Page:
Wednesday, January 7, 2009

How Can You Get Lucky?

Richard Wiseman, a professor at the University of Hertfordshire, wrote a book called The Luck Factor, which relates his findings on why some people are lucky. He found that people who are observant tend to be luckier than people who are oblivious. If that's the case, I should be very lucky, because I'm one of the most observant people I know. I remember walking with a friend at a park and stopping to pick up a cicada wing off the pavement. "How did you even see that?" he asked. "I couldn't see it even when I saw you bend to pick it up." I don't know. I constantly look for things and patterns and connections; things that are where they're supposed to be and things that aren't; things that can be explained and whatever is needed to explain the things that can't be explained, to put the world in order. I notice people doing things they shouldn't--like the day I saw an elderly woman slip the disk-shaped bone out of a piece of beef in the meat case. She tore right through the plastic on top, quick as if she'd done it many times and popped that round bone--the kind with the marrow in the middle--out of the steak and into a baggie in her purse. I see dropped paperclips and tiny earrings and pennies. Writing on bathroom walls and misplaced keys. Sometimes I think I see too much.

The only other person I know who notices things like I do is my 17-year-old daughter. Last night she said, "Guess what I saw on the bathroom floor today?" I didn't want to guess, but she didn't wait for me to anyway. "An empty granola bar wrapper and a packet from drink powder that you pour in a water bottle." I waited for her meaning to become clear. She continued, "So I looked in the feminine waste dispenser and found just what I expected: a half-eaten peanut butter and jelly sandwich and a baggie. Somebody in a school of 3000 people had eaten lunch in the bathroom stall." I made a disgusted, yet compassionate sound. "Can you believe somebody in a school that size would have to eat lunch in the bathroom?" she said. "Surely out of all those people you could find somebody to eat lunch with so you don't have to eat in a bathroom stall. Even weird kids have friends in a school that size."

Every quarter I pass out notecards and ask my students to write one line about something they've observed in the past 24 hours. They come up with some pretty crazy stuff, and I keep the cards after the exercise.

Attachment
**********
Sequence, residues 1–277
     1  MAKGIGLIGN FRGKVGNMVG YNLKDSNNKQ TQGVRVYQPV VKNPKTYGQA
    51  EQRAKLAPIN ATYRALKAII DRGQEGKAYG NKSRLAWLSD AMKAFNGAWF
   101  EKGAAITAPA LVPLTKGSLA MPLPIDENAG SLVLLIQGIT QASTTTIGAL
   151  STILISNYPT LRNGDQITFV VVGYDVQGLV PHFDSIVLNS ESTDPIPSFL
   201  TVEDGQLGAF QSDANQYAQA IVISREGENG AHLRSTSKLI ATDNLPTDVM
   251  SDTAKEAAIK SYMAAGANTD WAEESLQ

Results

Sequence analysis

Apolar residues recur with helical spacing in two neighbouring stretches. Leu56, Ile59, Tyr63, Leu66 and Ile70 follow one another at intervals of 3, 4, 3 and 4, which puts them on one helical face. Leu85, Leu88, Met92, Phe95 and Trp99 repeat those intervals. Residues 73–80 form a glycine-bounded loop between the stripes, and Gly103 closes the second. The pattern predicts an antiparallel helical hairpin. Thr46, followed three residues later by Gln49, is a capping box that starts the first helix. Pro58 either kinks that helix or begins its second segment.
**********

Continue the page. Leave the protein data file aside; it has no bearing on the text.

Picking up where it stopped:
Here's a poem I wrote about needing to be observant during a particular period in my life. What have you observed lately?

Since my husband left in October
I’ve been collecting pennies.
abandoned disks
copper-colored Lincoln icons not worth the bend-over for most people.
They’ve become cheap 97% zinc prayers…
(Jesus loves me, this I used to know)
prayers that I’ll be OK, just OK,
or that they’ll add up to the cost of a few cans of cat food
if I’m not
I don’t ask for much these days.

I decoupaged an old square salsa jar to hold my pennies—
words: green, sign, wise—
photos: a woman playing a guitar, Granny Smith apples, a praying mantis, the sun,
a voluptuous nude woman caught in tree branches, a bird flying, a woman flying.
All my found pennies go in it
after I polish them,
touching them to remind them of their worth.

One day I stepped off the shuttle bus at The Academy
and saw a penny on the pavement.
I bent in front of the bus to pick it up
but it was stuck in the asphalt
embedded from a summer day
when the tar was hot.
I couldn’t pry it loose with my fingers;
I wanted a tool,
my keys,
a dime,
a ballpoint pen
to dig up an edge so I could get it out,
take it,
put it in my pocket,
hear it clink when it hit the bottom of my jar,
but I was embarrassed
aware of the bus driver waiting to leave the parking lot,
make another circle around the campus.
So I left it there.
A week later as I waited at the bus stop
I looked for the penny.
I looked all over, keys in my hand,
ready to pry, claim my reward,
certain I remembered where it had been,
watching for the bus, ashamed
of how much one cent meant.

It was gone.
One copper penny and it was gone. Maybe…
maybe it was worth something to someone else.
The shuttle came.
I got on.
Other days I found other pennies
and paper clips
and pens—
many useful things have little worth.
But that penny,
that penny trapped in its tarry, asphalt prison,
bearing the weight of tires and feet…
I hope that wasn’t the one penny that stood between being OK
and being a penny short of OK.

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